...which leads to problem #3. When something goes wrong with consumer tech it's often IT that gets blamed for it. If the device doesn't work properly, is constantly failing, has a major security hole that gets exploited...it's the IT staff that gets called on the carpet for it. The patient demanded medicine that had ugly side effects (and may not have cured the disease) and then the Dr. gets blamed for the pain and suffering. Hopefully you can understand why IT staff are often reluctant to embrace the latest iToy.
And it's compounded by problem #4...consumer technology advances at lightning speeds. IT has barely gotten up to speed on the Droid 2 and suddenly the Droid 3 is on the market. Users are showing up at IT's doorstep demanding support for the new ThunderGalaxy 6 and the IT staff has never even seen one before. It's impossible to be an expert on every piece of technology on the market, especially when new tech hits the market seemingly every day. How can IT be an expert on a product that didn't even exist last week? It doesn't help matters that in the age of slashed budgets one of the items first up on the budget chopping block is training for IT staff. There is a new medicine on the shelves every day and the doctor can't possibly be an expert on all of the possible side effects and interactions of each one. But the patients demand it...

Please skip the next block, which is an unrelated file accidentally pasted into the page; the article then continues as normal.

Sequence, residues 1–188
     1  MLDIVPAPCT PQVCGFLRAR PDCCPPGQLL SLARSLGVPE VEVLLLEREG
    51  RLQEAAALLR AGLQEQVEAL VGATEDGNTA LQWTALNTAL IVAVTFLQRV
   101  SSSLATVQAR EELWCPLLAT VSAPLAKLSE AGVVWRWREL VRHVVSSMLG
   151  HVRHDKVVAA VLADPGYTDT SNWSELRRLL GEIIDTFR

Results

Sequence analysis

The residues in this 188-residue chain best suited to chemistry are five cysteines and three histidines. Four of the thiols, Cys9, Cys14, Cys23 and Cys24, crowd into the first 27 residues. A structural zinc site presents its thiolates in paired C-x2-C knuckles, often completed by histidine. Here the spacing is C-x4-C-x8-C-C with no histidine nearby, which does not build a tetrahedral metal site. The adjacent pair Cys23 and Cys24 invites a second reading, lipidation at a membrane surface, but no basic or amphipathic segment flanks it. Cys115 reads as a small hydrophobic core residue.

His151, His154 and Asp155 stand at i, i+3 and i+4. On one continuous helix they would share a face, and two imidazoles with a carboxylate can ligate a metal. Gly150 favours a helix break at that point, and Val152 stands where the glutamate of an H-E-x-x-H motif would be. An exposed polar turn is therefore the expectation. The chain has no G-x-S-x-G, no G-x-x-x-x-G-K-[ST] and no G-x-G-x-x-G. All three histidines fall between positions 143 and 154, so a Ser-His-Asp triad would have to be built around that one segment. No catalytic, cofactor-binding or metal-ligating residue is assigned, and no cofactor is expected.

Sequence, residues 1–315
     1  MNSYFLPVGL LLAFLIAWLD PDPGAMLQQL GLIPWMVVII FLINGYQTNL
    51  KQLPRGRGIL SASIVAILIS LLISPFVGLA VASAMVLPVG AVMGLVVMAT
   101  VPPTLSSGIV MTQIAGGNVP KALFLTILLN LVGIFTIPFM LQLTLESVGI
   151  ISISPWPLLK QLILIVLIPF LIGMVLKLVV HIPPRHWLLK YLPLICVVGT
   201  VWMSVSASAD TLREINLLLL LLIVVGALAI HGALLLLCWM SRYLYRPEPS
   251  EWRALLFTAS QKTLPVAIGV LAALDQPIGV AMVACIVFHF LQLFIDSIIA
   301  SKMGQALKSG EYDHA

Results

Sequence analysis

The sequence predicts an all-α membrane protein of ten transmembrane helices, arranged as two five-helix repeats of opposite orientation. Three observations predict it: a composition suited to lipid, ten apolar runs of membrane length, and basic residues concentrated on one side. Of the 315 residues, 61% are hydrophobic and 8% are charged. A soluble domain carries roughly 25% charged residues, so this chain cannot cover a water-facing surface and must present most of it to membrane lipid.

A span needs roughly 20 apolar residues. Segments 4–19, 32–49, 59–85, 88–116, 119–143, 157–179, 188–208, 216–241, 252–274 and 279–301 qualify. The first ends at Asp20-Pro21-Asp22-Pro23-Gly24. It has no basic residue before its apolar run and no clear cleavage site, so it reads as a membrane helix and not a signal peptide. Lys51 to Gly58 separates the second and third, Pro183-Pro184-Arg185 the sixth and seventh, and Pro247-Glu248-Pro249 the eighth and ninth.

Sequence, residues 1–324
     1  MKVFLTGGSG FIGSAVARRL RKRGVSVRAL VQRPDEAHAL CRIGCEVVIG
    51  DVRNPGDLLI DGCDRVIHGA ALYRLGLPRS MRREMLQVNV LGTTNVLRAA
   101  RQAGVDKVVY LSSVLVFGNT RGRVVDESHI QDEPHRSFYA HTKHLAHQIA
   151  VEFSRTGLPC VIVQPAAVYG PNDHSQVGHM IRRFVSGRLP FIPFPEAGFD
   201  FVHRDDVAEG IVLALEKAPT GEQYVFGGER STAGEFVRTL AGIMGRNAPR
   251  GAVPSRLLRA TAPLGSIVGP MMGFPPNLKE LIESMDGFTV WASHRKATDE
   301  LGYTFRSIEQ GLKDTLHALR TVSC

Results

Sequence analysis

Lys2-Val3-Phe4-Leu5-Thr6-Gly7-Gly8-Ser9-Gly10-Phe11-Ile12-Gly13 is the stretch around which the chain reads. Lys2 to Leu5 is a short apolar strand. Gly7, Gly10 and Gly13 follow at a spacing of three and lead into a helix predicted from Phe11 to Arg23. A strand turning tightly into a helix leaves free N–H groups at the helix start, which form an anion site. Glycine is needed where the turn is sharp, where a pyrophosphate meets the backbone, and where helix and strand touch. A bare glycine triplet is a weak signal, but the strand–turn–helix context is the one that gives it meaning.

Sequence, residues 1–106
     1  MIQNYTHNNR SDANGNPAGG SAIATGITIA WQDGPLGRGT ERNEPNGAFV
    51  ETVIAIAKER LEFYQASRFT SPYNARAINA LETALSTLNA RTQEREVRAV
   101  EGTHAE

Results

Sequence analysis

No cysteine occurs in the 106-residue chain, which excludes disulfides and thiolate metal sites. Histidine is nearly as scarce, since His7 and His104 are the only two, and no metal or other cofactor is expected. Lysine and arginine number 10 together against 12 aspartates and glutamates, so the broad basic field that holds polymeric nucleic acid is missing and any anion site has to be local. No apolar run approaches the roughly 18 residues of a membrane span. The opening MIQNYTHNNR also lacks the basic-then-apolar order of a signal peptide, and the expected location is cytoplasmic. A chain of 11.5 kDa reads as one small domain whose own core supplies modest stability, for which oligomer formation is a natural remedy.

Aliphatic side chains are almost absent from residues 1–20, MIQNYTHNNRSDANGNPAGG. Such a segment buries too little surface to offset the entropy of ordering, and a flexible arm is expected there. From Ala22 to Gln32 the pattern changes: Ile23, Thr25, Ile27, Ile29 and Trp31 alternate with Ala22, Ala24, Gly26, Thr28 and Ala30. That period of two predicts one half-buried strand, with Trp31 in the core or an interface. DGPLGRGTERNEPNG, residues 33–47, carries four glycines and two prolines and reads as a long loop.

Which dovetails nicely with problem #5...there are a bazillion different medicines out there! It would be one thing if IT just had to understand how the Greenberry 3 was different from the Greenberry 4. But the reality is that the IT department has to support 200 users who want to use 141 DIFFERENT devices. Unless IT can get management to buy in on some standards things can spiral out of control quickly. "I sent an e-mail from my SuperDroid X5 but Jon's iThing 11 shows it in a different font!?!" (sigh)
I'm not sure there is a cure for this yet but here's what I recommend.